Every five years the U.S. Department of Agriculture (USDA) conducts a Census of Agriculture to gather information on the state of agriculture in the US. And this year brings bad news for the Farm Credit System (FCS) and the young, beginning and small farmers and producers that it has a legal duty to serve.
The 2017 census reveals that there are roughly 908,000 beginning producers across the country. With around 3,447,000 producers countrywide, that means more than one out of every four producers is just beginning to farm. The future of agriculture in the US depends on beginning farmers.
Farm Credit has a legal duty to provide credit to these farmers. But the numbers show that it isn’t doing enough: only 15 percent of its 2017 loan volume went to beginning farmers. And to make things even worse, Farm Credit doesn’t lend to everyone in this category, only to fewer than one in three. The System simply isn’t doing enough to sustain and support beginning farmers, the future of American agriculture.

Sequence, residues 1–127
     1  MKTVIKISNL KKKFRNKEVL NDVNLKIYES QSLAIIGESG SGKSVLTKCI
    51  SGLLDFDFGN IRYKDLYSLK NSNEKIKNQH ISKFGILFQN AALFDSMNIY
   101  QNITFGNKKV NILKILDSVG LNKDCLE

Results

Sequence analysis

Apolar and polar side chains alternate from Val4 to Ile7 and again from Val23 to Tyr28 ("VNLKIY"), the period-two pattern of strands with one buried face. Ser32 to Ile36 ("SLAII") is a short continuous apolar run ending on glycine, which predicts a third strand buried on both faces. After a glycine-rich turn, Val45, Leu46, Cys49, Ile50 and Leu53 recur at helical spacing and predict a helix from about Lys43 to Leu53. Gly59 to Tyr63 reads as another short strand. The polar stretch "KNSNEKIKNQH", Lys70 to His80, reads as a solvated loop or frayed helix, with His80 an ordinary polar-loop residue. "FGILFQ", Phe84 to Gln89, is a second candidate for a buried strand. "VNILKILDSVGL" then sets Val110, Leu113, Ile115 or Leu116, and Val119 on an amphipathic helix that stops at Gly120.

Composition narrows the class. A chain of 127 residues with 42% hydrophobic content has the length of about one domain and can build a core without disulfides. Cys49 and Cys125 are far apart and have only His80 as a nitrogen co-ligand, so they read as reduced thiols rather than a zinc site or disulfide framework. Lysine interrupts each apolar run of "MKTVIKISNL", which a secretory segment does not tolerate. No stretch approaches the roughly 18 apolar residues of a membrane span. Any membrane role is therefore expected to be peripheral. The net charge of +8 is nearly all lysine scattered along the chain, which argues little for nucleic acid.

There’s a reason why the System has a legal obligation to furnish sound credit to young, beginning and small farmers. Small farms are small businesses which support their communities; beginning farmers need extra support to begin their operations; young farmers need more guidance as they develop their skill-set. All three categories need sound credit because they’re more vulnerable and more likely to fail. If they fail, then the future of American agriculture is in peril.
That’s why Congress gave Farm Credit this mission.
Congress needs to hold Farm Credit to that mission. It needs to keep the FCS’s regulator, the Farm Credit Administration (FCA), from being captured by the very special interests it was created to regulate. If either the FCS or the FCA fails to fulfill its duty, then Congress must act. And to make sure that the FCS and FCA keep to their missions, Congress must hold yearly oversight hearings.